13 Colum. J. Eur. L. 231 (2007)

David Corbé-Chalon.
Attaché temporaire d’enseignement et de recherche (Instructor), Faculté de Droit et des Sciences Économiques, Université du Maine, Le Mans, France; Member of the Groupe de recherches en droit des affaires (Research Group in Business Law). Professor of Law, University of Maine School of Law.

Martin A. Rogoff. Professor of Law, University of Maine School of Law.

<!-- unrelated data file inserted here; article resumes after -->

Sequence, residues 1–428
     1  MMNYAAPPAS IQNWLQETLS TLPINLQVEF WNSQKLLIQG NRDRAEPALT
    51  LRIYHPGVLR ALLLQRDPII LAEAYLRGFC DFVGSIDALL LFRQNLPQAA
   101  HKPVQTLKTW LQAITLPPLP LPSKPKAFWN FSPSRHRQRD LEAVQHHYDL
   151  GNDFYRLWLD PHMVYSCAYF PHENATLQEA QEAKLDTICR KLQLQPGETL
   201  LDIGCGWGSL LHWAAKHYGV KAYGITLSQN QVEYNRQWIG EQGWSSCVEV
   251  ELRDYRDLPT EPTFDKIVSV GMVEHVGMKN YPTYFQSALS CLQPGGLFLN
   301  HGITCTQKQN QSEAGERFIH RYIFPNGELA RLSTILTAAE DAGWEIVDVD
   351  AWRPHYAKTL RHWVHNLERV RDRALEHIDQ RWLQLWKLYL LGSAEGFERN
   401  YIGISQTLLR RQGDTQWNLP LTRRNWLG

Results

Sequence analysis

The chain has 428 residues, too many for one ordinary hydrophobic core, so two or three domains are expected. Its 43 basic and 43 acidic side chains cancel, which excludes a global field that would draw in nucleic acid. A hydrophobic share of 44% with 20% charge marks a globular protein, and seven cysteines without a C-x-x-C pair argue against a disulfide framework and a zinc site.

There is a perception among many in the United States that the system for awarding tort damages for bodily injuries needs to be reformed. Some legal scholars have proposed the adoption of a system similar to that which presently exists in France. In France, too, however, there are concerns about the operation of the system for the award of tort damages jbr bodily injuries, particularly as to its rationality, transparency, and fairness. During the past few years several important government-sponsored reports have proposed changes to various aspects of the system. Also, the European Union, of which France is a member, has concerns regarding tort damage awards and has enacted legislation and entertained proposals to change the current regimes existing in EU member states. European human rights law and decisions of the European Court of Human Rights bear importantly on French law as well. French rethinking of the law in this domain is in addition occurring within the context of changing ideas about civil liability and the nature of bodily injuries, which have found expression in decisions of the Constitutional Council and in amendments to the Civil Code. After exploring these matters in Parts I and !!, our focus then narrows in Parts I/I, IV, and V to consider in detail the substantive standards for the award of tort damages, the procedural methodology for the application of those standards, and the operation of the system in practice. Such detailed analysis is necessary to understand how changing conceptions and values, in France and at the European level, affect the system in practice and lead to calls for change. In addition, any real understanding of the French system requires an appreciation of the complicated interplay of courts, lawyers, medical experts, private insurers, state insurance and indemnity funds, and other actors in the award of tort damages for bodily injuries. In Part VI and the Conclusion we return to broader considerations of   policy and perspective to analyze the fundamental principle of “total reparation” and to consider its relationship to ideas of distributive and corrective justice.